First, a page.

When I tell people I teach dog obedience, they usually say something like, “Oh! I need you to teach my dog how to behave!” While I love to think of myself as a miracle worker who can teach behaviors and troubleshoot problems with your dog, the truth is that I can’t do it without you. My actual job is to teach owners and caretakers how to communicate with their dogs. I know it sounds all new-age, cable tv show, touchy-feely. It’s a fact, though. You and your dog will have better results and a better relationship if I teach you, then you teach them.
Three tips for better dog obedience results:
Always Reward Good Behaviors
Our dogs, like ourselves, are much more likely to repeat a behavior that they find rewarding. The problem is that we end up inadvertently rewarding undesirable behaviors. When our dog barks and we yell at them to stop, we’re rewarding their noise by yelling right along with them. If my dog jumps up and I respond by pushing him off of me, I’m rewarding his annoying behavior by giving him physical contact and attention. Some behaviors are even self-rewarding—meaning that the act itself gives the dog pleasure (think counter-surfing or garbage eating).
For us to teach our dogs to make better choices, we have to make those desirable choices pay. Reward your dog with a pet or a treat for sitting or lying down calmly. Reward your dog when he’s quiet. Reward him when he doesn’t put his feet up on the counter. The more a behavior is rewarded, the more your dog will perform that behavior.
When you’re training your dog, think of it as teaching English as a second language. You want to say things the same way each time to avoid confusion. Did you take Spanish in school? I did. I was pretty awful at it. The worst part was when I thought I finally got something, and then I learned that there was a similar word that meant something completely different. Our dogs can become frustrated, too. Set them (and yourself) up for success by being consistent in your language, tone, and reward timing.
Make Time To Practice
To master any skill, it takes practice. Just because our dogs get a behavior right one time doesn’t mean that they will automatically get it right every time. Regular practice is necessary to perfect the skills that we are teaching them. You don’t have to spend hours a day on obedience—but 2 or 3 10-minute sessions each day will make a huge difference in how quickly you and your dog will master each behavior. Think of it like playing the piano. Even if you know your scales, that doesn’t mean you can play a Mozart piece without practicing it first, and you have to practice those scales first to have the foundation in place to tackle songs in different keys.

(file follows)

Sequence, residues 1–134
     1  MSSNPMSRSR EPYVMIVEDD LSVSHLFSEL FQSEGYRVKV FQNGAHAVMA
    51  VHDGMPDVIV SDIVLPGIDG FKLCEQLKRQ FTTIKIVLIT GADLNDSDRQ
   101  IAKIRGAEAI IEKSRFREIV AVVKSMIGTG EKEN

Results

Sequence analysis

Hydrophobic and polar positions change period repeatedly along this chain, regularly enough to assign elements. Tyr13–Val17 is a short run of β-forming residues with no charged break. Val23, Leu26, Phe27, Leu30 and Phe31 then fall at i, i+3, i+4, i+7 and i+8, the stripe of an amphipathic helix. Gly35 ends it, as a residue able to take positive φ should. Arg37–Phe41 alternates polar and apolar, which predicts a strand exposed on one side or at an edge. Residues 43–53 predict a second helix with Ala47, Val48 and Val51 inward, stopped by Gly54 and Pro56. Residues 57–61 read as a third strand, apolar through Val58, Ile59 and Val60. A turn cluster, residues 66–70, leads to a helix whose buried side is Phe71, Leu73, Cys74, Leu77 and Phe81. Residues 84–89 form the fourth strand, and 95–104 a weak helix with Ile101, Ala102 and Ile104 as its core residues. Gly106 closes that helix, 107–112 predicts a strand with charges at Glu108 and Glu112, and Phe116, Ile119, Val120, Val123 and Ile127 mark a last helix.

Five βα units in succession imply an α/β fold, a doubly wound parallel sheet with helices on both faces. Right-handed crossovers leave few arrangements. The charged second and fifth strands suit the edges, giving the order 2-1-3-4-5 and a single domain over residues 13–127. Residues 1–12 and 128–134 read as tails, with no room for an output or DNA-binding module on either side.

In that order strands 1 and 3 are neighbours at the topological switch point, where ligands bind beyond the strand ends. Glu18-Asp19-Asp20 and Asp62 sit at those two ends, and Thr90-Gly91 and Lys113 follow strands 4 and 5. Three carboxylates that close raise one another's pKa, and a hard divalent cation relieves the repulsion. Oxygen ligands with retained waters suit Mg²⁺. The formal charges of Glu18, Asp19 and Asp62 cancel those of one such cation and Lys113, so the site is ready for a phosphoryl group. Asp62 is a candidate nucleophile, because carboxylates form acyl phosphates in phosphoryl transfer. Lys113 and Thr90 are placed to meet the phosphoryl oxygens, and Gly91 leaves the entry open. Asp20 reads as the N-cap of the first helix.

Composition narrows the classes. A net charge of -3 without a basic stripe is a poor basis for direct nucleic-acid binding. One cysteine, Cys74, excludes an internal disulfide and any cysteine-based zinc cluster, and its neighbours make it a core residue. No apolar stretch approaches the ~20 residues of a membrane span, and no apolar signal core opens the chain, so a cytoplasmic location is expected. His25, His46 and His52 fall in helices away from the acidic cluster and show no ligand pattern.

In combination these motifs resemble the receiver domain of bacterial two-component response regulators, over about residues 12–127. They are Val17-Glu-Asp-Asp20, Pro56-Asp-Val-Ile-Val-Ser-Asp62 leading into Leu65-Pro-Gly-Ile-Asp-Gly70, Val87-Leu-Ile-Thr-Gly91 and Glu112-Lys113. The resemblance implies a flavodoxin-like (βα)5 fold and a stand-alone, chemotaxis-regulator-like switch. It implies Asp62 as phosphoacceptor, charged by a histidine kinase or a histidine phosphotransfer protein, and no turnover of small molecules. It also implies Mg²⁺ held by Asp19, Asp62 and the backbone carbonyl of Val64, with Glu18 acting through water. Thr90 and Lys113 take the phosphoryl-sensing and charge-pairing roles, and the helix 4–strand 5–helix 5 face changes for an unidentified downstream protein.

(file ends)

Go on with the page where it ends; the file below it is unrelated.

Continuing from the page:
To keep dog obedience practice from feeling like a chore, you can make an appointment with me to learn some great obedience games to play with your dog! From “Hide & Seek” to “ Puppy in the Middle,” there are some really fun ways to help your dog want to learn.
In today’s blog, I wanted to talk about an obedience training cue that often gets overlooked: the release cue. The release cue is very important since it marks the end of a behavior (i.e., “sit,” “stay,” etc.). This gives the dog a clear cue to know that she can break position. It reduces confusion and prevents unnecessary mistakes. Continue…
By Stefani Fortney, ABCDT
January 2016 is “National Train Your Dog Month”. Taking the time to train your dog is the most important thing you can do to build a stronger relationship with your canine companion. A foundation of basic obedience cues can build confidence, minimize frustration, and increase your enjoyment of your dog. While it can be amusing to watch a naughty dog from time to time, sharing a home with a wild child beast is exhausting.
When you train your dog, there are two things that are absolutely necessary to remember:
Consistency is key
Have you ever been in a relationship with a person who seems to expect something different from you every day? Every time you think you’ve figured out what they want from you, they change the rules. It’s frustrating, to say the least. When you train your dog, it’s important to be consistent in what you expect from him and how you communicate that expectation to him. If you allow him to jump up to greet you, he’ll assume it’s also okay to jump up to greet your toddler and your elderly mother. If you reward him for good behavior by feeding him treats, then slip him table scraps when he begs, he’ll assume that begging is a good behavior. Consistency. It’s really important.
Patience makes perfect
When you train your dog, it’s similar to teaching English as a second language. You can say the words over and over again, as slowly as you like, but the person won’t understand. You have to give physical examples. Maybe you have to play charades. It takes patience. Our dogs don’t have a spoken language. To expect them to understand us immediately is unfair to them. We have to maintain our cool, take the time to show them what we expect, and reward them every time they get it right. There are times that our dogs make us want to send them to boarding school. It’s okay to get frustrated. Take a breath. Take a break. Take it from the top.
Take these tips, take some treats, and take some time to train your dog!
To earn Canine Good Citizen certification, a dog must pass ten tests that will display that the dog has the skills needed to be a good member of society. These tests require a basic level of dog obedience. Today, Stefani Fortney talks about the first two tests of the CGC and explores some ways to prepare for them. Continue…